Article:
The latest round of FICCI’s Business Confidence Survey reported not much change in the sentiment of the respondents. The Overall Business Confidence Index stood at 70.5, a tad higher than the value of 70.4 in the previous survey. The various announcements made by the government over the course of last seven to eight months did have a positive impact on the sentiment of the business community; however in order to sustain this buoyancy it will be important that the process of implementation of these reforms continues with momentum.
- The respondents are pinning their hopes on the direction of reforms that the Finance Minister will indicate in his budget proposals.
- They expect the government to continue pursuing the broad economic agenda and take tangible steps towards its completion.
- It was unanimously felt by the respondents that the government should step up action on ease of doing business and especially towards simplification of taxes in the forthcoming Budget.
- A majority of the respondents also expect the passage of Goods and Services Tax (GST) bill.
- Further, the participants said that they are also looking forward to labour reforms and incentives for sectors including manufacturing, infrastructure and real estate.
As per the survey results, the proportion of respondents anticipating ‘moderately to substantially better’ performance over the near term noted a marginal slip at the economy, industry and firm level. Nonetheless, a majority of participants remained optimistic about the future prospects. 83% of the participants in the current survey cited a ‘moderately to substantially better’ overall economic situation over the next six months, vis-a-vis 84% stating likewise in the last round. The corresponding figure at the industry and firm level was 72% and & 74% respectively.
However, a sustainable turnaround is still elusive for parameters like investments, profits and exports. While the situation is certainly better when compared to last year, the change in quarter on quarter numbers are yet to indicate a firm turnaround.
In the current survey, only 33% of the companies participating in the survey expected ‘much higher to higher’ profits over the next two quarters. Over half of them did not foresee any change in profit levels.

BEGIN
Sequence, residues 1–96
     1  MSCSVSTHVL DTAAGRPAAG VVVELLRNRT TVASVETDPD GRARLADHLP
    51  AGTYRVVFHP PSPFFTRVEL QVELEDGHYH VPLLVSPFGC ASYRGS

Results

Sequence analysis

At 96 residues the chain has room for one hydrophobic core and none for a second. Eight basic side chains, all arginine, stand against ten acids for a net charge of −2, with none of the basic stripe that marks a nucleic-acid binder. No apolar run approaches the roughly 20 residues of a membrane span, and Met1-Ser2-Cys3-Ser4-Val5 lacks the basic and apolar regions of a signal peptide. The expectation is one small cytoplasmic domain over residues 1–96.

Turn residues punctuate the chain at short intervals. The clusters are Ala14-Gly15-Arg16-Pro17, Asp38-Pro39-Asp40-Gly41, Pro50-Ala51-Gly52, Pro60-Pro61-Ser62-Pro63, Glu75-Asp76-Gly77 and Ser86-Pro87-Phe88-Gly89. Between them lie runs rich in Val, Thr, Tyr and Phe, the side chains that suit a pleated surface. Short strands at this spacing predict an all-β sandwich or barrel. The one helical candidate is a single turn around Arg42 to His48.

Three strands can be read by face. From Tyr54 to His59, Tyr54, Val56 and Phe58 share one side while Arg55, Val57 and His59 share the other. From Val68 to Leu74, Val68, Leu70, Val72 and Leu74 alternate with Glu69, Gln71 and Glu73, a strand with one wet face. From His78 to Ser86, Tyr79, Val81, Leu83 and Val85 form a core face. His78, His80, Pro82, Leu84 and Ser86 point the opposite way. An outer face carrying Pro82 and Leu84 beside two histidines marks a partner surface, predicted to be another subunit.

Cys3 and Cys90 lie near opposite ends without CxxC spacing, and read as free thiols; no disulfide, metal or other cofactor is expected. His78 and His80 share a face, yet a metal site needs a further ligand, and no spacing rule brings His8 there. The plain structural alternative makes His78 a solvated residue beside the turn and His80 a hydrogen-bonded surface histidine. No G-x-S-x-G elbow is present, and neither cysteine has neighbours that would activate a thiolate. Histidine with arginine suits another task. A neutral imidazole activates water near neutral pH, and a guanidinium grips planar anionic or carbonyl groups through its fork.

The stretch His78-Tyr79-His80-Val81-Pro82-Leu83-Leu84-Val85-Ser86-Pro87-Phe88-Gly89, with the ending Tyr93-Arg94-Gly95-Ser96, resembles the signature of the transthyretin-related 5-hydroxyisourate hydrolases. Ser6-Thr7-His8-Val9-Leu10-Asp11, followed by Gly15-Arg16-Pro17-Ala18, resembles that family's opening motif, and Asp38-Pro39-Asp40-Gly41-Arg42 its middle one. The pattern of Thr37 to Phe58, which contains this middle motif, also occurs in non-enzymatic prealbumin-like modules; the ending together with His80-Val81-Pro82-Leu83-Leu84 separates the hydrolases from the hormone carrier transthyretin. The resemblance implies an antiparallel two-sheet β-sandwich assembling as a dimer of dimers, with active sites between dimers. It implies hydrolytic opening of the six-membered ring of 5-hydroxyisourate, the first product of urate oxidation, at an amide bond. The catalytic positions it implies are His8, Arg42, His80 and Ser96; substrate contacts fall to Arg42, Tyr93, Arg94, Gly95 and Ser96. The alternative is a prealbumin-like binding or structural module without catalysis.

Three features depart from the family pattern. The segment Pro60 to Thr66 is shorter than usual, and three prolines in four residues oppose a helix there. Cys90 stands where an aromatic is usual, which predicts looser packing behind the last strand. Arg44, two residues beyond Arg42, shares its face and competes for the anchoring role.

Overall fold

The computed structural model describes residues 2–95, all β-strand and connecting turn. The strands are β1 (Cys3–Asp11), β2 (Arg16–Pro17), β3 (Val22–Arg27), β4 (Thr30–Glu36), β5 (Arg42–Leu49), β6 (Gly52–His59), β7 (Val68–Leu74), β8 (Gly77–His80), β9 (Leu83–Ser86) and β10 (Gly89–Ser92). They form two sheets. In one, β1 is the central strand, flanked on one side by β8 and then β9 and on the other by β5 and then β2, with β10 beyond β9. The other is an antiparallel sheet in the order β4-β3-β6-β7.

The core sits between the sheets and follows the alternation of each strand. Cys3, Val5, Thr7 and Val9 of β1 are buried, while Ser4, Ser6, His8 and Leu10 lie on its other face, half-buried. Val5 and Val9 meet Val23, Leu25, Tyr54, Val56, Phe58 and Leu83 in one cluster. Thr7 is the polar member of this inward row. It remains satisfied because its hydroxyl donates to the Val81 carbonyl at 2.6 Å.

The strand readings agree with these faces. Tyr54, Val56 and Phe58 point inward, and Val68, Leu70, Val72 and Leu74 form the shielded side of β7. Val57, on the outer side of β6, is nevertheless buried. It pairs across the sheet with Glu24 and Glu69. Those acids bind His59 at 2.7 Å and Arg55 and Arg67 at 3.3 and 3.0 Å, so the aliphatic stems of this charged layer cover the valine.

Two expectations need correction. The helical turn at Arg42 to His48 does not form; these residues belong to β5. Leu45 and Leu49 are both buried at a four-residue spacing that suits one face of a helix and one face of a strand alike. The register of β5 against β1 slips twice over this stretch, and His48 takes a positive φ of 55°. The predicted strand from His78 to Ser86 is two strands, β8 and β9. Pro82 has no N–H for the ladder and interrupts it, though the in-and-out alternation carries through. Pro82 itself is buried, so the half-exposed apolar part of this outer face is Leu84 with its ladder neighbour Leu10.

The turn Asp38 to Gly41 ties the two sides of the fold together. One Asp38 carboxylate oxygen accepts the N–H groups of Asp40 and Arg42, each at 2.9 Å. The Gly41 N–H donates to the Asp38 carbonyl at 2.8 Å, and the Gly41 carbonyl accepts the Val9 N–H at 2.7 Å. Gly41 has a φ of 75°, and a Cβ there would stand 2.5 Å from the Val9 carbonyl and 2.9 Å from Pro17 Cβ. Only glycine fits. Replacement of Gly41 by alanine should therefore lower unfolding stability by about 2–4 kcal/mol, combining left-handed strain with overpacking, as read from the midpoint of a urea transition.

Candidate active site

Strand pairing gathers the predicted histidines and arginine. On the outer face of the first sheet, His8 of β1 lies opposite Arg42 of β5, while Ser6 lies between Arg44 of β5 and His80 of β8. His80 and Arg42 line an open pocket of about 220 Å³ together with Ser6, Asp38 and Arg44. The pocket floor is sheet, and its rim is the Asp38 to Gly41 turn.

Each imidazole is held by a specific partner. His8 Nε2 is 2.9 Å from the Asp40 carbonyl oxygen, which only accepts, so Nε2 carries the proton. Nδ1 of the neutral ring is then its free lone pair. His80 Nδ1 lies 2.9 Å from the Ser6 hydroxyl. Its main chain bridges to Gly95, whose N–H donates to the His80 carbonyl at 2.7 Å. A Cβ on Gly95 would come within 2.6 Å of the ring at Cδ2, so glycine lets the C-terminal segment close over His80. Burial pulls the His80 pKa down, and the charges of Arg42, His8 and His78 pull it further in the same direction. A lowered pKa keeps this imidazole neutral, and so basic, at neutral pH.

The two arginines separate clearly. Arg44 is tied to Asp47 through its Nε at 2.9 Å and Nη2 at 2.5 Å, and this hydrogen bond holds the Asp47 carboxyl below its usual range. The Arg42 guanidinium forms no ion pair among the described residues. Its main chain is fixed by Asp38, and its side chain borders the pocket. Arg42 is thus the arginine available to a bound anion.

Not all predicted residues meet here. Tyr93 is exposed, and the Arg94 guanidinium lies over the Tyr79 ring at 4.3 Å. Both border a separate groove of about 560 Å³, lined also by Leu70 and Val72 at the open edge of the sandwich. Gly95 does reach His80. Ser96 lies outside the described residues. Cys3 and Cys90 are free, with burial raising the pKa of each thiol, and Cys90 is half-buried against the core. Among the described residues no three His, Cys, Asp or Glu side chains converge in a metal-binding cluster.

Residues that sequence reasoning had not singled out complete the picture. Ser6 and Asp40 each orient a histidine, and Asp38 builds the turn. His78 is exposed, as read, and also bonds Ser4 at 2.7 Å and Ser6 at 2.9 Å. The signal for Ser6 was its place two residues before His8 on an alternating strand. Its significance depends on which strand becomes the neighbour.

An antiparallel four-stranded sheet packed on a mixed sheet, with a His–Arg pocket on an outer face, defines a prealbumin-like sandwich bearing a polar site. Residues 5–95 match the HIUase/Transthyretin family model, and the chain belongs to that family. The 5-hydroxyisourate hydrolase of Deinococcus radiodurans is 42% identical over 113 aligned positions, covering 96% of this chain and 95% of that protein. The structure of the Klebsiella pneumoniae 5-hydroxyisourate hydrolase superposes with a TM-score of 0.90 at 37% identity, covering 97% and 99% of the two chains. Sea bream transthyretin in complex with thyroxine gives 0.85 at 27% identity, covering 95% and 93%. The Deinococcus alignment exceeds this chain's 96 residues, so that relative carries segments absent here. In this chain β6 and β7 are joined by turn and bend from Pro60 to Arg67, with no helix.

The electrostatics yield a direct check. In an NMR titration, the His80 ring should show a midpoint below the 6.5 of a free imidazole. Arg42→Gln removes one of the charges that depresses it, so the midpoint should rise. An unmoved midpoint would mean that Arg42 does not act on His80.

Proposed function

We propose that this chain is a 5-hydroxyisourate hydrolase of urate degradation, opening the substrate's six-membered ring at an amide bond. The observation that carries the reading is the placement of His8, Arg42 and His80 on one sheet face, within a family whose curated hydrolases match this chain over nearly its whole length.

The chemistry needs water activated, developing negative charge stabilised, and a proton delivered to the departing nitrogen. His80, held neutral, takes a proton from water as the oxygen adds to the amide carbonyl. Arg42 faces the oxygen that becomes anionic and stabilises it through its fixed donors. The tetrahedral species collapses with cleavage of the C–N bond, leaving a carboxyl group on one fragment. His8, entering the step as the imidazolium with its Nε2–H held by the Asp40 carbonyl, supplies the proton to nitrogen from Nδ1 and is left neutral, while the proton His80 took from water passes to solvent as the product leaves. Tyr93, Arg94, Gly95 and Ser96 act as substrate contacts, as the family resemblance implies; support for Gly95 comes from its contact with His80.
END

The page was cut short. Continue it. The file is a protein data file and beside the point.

The perception of the respondents with regard to export prospects also noticed moderation. Only 32% respondents said that they foresee higher exports over the next six months, compared to 47% stating likewise in the last round. The pace of global recovery is yet to pick and demand remains subdued.
The outlook with regard to investments still seems weighed down by caution and the projects are yet to take off. In the current survey, about 38% participants expected higher investments over near term; the corresponding number in the previous survey was around the same at 39%. A year ago 24% participants had stated likewise.
In fact, an increase was noted in the proportion of participants indicating both availability and cost of credit to be constraining factors. 34% of the respondents in the present survey indicated that availability of credit was a concern, vis-a-vis 28% stating likewise in the last round. Further, high cost of credit was reported as concern by 56% participants.
The lending rates being charged by the Banks remain high. Though the Reserve Bank had cut the repo rate by 25 bps in January 2015, we are yet to see a transmission of the rate cut through Banks.
Further, weak demand was reported to be a factor bothering the businesses by about 66% respondents. In the previous round, 59% companies had reported weak demand to be a constraining factor.
With GDP numbers indicating an improvement and inflation subsiding there are signs of a turnaround. However at the same time, the domestic capex cycle is yet to see a revival and consumer sentiment remains frail. Both the Government and Reserve Bank will have to assure continuous support going ahead.